How Apple “Acquired” iPhone Trademark From Cisco

iPhone Keynote

A book titled, “Inside Apple”, written by Adam Lashinsky was released last week.

This book explores the inside world of Apple and shows how secretive Apple is about its functioning policies, trade secrets and marketing tactics.

Now that the book is available, stories from this book are catching everybody’s attention.

This book also provides some insight on the details surrounding Apple’s “acquisition” of the iPhone trademark from Cisco Systems.

To refresh your memory, we would like to tell you that when Apple announced the iPhone back in 2007, Cisco already owned the trademark. Cisco was famous for networking solutions and wireless routers, had an internet-based handset of the same name.

An excerpt from this book explains what Apple did to gain and own iPhone moniker.

“[Cisco executive] Charles Giancarlo fielded a call directly from Steve Jobs. “Steve called in and said that he wanted it,” Giancarlo recalled. “He didn’t offer us anything for it. It was just like a promise he’d be our best friend. And we said, ‘No, we’re planning on using it.’ “Shortly after that, Apple’s legal department called to say they thought Cisco had “abandoned the brand,” meaning that in Apple’s legal opinion Cisco hadn’t adequately defended its intellectual property rights by promoting the name. To Apple’s way of thinking this meant the name iPhone was available for Apple’s use. Giancarlo, who subsequently joined the prominent Silicon Valley private-equity firm Silver Lake partners, said Cisco threatened litigation before the launch. Then, the day after Apple announced its iPhone, Cisco filed suit.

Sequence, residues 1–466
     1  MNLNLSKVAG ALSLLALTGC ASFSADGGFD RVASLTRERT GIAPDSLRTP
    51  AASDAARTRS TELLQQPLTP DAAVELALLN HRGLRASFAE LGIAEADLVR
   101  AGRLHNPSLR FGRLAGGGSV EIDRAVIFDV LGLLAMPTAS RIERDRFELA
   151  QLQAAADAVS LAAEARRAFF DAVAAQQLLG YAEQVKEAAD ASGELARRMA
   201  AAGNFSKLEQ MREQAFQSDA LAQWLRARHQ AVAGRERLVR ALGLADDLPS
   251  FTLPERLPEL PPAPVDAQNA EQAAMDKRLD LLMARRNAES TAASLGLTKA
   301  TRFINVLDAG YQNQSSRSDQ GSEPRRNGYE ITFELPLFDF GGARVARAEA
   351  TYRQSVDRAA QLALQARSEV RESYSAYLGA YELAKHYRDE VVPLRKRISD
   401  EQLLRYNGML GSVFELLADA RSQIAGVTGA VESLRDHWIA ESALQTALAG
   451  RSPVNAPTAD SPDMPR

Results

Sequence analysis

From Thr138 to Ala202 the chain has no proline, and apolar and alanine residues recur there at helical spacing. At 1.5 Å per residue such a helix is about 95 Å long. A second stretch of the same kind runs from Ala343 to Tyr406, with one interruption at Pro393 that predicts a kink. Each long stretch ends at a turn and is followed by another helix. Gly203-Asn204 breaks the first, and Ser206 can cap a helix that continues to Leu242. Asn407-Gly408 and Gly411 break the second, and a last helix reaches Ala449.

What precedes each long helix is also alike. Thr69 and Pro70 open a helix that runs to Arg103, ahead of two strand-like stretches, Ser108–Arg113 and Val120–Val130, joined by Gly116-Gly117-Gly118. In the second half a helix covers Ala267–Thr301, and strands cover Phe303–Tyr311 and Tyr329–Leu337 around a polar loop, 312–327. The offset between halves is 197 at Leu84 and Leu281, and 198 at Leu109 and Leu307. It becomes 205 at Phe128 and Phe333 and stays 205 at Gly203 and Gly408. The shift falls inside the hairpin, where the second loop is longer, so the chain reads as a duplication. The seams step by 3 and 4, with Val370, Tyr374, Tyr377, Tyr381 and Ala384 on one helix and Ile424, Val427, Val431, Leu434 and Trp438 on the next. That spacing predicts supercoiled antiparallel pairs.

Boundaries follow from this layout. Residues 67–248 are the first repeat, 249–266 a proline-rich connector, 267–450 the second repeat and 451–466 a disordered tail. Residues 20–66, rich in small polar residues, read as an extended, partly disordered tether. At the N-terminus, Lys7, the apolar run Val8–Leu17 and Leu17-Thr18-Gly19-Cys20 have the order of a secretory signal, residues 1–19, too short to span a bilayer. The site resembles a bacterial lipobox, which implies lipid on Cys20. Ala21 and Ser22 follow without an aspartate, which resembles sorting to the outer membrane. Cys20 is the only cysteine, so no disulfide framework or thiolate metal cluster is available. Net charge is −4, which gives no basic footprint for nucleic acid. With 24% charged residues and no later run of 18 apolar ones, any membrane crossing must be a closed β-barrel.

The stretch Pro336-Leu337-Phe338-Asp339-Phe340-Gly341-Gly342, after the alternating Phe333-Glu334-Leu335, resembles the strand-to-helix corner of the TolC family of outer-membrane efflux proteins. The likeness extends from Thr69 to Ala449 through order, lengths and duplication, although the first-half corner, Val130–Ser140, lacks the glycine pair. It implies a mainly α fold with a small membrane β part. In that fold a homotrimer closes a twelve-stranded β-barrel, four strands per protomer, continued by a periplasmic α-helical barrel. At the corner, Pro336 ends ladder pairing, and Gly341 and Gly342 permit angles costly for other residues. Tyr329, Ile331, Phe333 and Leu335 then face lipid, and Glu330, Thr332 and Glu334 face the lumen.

The negotiation displayed some classic Steve Jobs negotiating tactics. Giancarlo said Jobs called him at home at dinnertime on Valentine’s Day, as the two sides were haggling. Jobs talked for a while, Giancarlo related. “And then he said to me, ‘Can you get email at home?’” Giancarlo was taken aback. This was 2007, after all, when broadband Internet was ubiquitous in homes in the US, let alone that of a Silicon Valley executive who had worked for years on advanced Internet technology. “And he’s asking me if I’m able to get email at home. You know he’s just trying to press my buttons—in the nicest possible way.” Cisco gave up the fight shortly after that. The two sides reached a vague agreement to cooperate on areas of mutual interest.”

The book can be purchased from iBookstore at $12.99. What is your opinion about this story and this book? Share your feedback with us.

Source: iDownload Blog

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